The Thing with Feathers

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It doesn’t take much water for this goldfinch to enjoy a good bath! Photo by Larry Jordan

Emily Dickinson famously wrote “Hope is the thing with feathers.” Now, under the oppressive disorientation of Covid-19, massive wildfires, technological manipulation, and political fragmentation, we may find that such hope can offer useful direction.

Birds suffer illness and death just as we do, but like the canaries of old, sometimes they show the environmental effects sooner and more dramatically. Pollution, hurricanes, and fires cost human lives. For birds, these and other habitat changes coincide with their 30% decline in North America over the last half century.

This month hundreds of thousands of many species of songbirds were found scattered dead throughout the southern reaches of America’s Great Basin. We don’t know why yet. A leading initial guess is that the smoke damaged their lungs– a plausible explanation considering that the death-blow hit birds that were likely migrating, and flight muscles have a high demand for oxygen. Whatever the cause or causes, something is clearly wrong.

We shouldn’t be surprised. Worldwide, the international community has failed to meet a single of this past decade’s targets to maintain wildlife and life-sustaining ecosystems. The UN’s head of biodiversity, Elizabeth Maruma Mrema, reports that “Earth’s living systems as a whole are being compromised. And the more humanity exploits nature in unsustainable ways and undermines its contributions to people, the more we undermine our own wellbeing, security and prosperity.”

So we breathe toxic air, and birds fall out of it. But faced with adversity, hope cries for action. The big things for birds–designing development to accommodate biological health–are choices we make as a society, through government. The little things we can do individually and right now.

Water is needed as dry weather and smokey conditions continue. A shallow dish with a rock perch can provide both drinking and bathing opportunities. Sloping the water from shallow to an inch or so deep can allow different sized birds to use it. Refresh the water daily to clean out ash and thwart mosquitoes and disease.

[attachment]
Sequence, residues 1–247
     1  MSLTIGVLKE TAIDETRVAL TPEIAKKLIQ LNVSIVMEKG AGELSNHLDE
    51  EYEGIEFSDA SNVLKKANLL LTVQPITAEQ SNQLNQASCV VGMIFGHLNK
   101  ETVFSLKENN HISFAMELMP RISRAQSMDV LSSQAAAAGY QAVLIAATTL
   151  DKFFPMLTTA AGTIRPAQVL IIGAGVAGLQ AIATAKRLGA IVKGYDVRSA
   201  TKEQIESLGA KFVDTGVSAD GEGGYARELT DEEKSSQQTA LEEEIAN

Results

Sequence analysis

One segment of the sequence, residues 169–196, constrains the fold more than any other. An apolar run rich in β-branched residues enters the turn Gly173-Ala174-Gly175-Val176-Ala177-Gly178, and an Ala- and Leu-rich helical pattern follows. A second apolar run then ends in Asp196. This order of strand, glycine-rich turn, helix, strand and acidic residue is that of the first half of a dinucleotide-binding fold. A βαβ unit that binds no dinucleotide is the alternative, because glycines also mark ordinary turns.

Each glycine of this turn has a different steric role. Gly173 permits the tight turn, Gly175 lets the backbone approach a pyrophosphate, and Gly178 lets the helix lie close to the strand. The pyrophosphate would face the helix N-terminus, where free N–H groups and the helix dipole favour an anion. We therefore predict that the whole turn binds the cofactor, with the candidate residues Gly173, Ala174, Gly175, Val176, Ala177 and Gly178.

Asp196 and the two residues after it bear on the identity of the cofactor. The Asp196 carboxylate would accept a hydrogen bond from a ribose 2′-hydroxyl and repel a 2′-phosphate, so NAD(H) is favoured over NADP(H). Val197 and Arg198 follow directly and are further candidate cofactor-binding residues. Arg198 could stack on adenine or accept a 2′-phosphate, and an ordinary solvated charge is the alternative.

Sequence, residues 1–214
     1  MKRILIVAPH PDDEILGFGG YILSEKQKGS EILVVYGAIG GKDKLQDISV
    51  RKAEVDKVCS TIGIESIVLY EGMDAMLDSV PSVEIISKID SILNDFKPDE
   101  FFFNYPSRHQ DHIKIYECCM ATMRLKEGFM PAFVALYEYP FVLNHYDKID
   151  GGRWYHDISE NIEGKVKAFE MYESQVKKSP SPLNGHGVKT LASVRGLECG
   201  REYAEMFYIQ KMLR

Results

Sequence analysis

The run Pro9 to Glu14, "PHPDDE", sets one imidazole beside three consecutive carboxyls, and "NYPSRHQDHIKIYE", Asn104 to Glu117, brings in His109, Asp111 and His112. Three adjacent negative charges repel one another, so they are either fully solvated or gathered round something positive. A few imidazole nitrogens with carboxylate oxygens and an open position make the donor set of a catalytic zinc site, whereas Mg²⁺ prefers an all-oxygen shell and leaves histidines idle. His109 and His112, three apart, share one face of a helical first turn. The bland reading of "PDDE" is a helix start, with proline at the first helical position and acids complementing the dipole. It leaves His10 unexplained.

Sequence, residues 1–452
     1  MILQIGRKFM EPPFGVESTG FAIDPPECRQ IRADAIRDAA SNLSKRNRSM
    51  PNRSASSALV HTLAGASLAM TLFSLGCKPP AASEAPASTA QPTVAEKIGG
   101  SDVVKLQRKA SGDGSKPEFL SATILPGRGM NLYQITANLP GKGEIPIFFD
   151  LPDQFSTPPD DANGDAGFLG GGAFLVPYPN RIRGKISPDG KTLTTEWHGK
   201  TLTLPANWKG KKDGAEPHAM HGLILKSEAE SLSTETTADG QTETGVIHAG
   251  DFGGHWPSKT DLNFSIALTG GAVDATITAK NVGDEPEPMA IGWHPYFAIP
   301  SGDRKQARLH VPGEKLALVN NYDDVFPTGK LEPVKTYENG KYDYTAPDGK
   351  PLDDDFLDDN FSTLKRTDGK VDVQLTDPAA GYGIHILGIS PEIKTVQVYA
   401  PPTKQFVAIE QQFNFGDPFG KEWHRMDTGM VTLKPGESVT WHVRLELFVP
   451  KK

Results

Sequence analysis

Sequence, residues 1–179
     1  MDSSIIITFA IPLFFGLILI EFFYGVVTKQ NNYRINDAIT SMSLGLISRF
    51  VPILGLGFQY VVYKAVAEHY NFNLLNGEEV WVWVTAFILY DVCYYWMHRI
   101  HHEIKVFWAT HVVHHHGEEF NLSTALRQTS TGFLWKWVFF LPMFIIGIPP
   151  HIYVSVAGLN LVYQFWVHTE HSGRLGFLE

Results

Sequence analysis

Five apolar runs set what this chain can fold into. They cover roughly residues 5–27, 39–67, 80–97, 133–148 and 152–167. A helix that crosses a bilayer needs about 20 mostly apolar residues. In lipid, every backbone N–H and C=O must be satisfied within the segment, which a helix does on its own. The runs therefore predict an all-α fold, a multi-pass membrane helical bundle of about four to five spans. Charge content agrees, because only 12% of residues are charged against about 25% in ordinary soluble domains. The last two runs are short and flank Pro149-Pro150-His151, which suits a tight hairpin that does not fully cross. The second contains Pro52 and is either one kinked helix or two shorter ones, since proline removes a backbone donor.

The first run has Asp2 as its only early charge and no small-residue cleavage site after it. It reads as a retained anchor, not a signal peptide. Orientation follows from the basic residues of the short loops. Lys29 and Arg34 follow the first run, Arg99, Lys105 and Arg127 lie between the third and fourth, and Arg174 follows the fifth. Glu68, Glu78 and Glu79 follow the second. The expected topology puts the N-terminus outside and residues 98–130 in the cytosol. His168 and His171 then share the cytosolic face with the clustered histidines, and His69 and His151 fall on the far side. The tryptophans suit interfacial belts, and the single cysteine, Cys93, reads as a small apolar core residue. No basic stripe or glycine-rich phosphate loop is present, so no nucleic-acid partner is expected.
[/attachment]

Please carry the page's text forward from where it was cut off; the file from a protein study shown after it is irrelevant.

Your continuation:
Birdseed can sustain many species. Finches love black oil sunflower and thistle seeds. Sparrows, now returning from nesting grounds in Alaska and the Rockies, devour white millet and cracked grains–especially scattered on the ground. Avoid overfeeding–if the seed rots it will introduce harmful bacteria. If the birds eat the mix you offer, you’ve found a good one!

Food and water are best placed near plants that offer shelter from predatory hawks–but try not to conceal predatory cats! Cats are best kept indoors. They are one of the biggest contributors to songbird declines.

Plants, particularly native plants, offer both food and shelter for many species. Consider the birds as you design and tend your yard. Letting fall’s leaves lie will help develop a rich soil and natural bird food.

There are needs beyond what we can provide individually. Clean air is not something we can deliver in our private yards, nor can we individually protect extensive and diverse habitats. But as a society we can, and we each participate in society, locally, nationally, and globally. The UN, our body for international cooperation, plans to set this decade’s biodiversity goals next spring.
If we will deliver health and beauty for birds, we will be reaping it for ourselves, too. Those are feathers to hope on.

See wintuaudubon.org for local bird information and online programs.

Dan Greaney
Dan Greaney has a long history in outdoor education. He has worked as a naturalist with the National Park Service and in outdoor schools serving the East Bay and Tulare, Sutter, Los Angeles, and Shasta County Offices of Education. A long-time birder, he currently serves as president of the Wintu Audubon Society.
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